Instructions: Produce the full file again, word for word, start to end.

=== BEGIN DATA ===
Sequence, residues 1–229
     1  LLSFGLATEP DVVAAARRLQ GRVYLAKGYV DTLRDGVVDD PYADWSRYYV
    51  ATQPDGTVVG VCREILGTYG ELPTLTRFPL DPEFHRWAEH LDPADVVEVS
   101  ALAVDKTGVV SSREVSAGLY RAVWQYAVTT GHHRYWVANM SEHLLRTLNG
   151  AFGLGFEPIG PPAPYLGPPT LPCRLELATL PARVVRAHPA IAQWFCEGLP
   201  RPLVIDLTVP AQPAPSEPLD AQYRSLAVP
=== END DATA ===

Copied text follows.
Sequence, residues 1–229
     1  LLSFGLATEP DVVAAARRLQ GRVYLAKGYV DTLRDGVVDD PYADWSRYYV
    51  ATQPDGTVVG VCREILGTYG ELPTLTRFPL DPEFHRWAEH LDPADVVEVS
   101  ALAVDKTGVV SSREVSAGLY RAVWQYAVTT GHHRYWVANM SEHLLRTLNG
   151  AFGLGFEPIG PPAPYLGPPT LPCRLELATL PARVVRAHPA IAQWFCEGLP
   201  RPLVIDLTVP AQPAPSEPLD AQYRSLAVP